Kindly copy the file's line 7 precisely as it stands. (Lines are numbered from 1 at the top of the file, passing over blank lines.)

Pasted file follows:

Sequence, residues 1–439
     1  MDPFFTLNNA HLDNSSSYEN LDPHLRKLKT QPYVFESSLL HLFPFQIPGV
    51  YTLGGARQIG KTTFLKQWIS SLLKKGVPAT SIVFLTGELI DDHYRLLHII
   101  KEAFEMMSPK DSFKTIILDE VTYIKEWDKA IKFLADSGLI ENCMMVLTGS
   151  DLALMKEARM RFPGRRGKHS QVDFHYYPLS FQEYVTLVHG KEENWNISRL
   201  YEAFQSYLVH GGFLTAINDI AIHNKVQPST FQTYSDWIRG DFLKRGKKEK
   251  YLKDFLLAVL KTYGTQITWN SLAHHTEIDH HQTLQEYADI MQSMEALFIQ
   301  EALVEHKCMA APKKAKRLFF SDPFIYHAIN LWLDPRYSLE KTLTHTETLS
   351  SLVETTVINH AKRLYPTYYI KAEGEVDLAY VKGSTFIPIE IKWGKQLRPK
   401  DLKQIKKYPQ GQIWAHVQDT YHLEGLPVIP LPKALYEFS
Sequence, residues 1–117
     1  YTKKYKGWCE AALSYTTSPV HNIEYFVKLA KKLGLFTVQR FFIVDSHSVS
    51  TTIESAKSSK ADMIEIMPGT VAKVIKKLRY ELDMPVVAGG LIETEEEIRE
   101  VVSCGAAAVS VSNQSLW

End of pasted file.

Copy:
   251  YLKDFLLAVL KTYGTQITWN SLAHHTEIDH HQTLQEYADI MQSMEALFIQ